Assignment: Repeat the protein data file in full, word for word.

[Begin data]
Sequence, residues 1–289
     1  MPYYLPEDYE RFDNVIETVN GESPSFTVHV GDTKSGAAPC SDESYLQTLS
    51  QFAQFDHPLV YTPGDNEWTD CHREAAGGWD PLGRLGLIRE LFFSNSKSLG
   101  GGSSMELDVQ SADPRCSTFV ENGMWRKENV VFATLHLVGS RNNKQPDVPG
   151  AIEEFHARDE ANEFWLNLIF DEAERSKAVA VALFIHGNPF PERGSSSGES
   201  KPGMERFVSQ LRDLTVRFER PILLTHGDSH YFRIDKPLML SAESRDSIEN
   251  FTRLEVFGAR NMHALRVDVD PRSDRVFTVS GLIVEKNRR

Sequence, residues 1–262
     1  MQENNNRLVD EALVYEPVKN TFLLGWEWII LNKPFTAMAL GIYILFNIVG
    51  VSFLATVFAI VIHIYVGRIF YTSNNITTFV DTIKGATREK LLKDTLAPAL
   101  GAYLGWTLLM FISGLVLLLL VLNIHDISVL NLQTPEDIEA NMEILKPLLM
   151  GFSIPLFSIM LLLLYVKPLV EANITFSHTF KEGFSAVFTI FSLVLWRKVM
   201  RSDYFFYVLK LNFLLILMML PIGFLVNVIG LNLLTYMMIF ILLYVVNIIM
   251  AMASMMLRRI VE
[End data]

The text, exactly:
Sequence, residues 1–289
     1  MPYYLPEDYE RFDNVIETVN GESPSFTVHV GDTKSGAAPC SDESYLQTLS
    51  QFAQFDHPLV YTPGDNEWTD CHREAAGGWD PLGRLGLIRE LFFSNSKSLG
   101  GGSSMELDVQ SADPRCSTFV ENGMWRKENV VFATLHLVGS RNNKQPDVPG
   151  AIEEFHARDE ANEFWLNLIF DEAERSKAVA VALFIHGNPF PERGSSSGES
   201  KPGMERFVSQ LRDLTVRFER PILLTHGDSH YFRIDKPLML SAESRDSIEN
   251  FTRLEVFGAR NMHALRVDVD PRSDRVFTVS GLIVEKNRR

Sequence, residues 1–262
     1  MQENNNRLVD EALVYEPVKN TFLLGWEWII LNKPFTAMAL GIYILFNIVG
    51  VSFLATVFAI VIHIYVGRIF YTSNNITTFV DTIKGATREK LLKDTLAPAL
   101  GAYLGWTLLM FISGLVLLLL VLNIHDISVL NLQTPEDIEA NMEILKPLLM
   151  GFSIPLFSIM LLLLYVKPLV EANITFSHTF KEGFSAVFTI FSLVLWRKVM
   201  RSDYFFYVLK LNFLLILMML PIGFLVNVIG LNLLTYMMIF ILLYVVNIIM
   251  AMASMMLRRI VE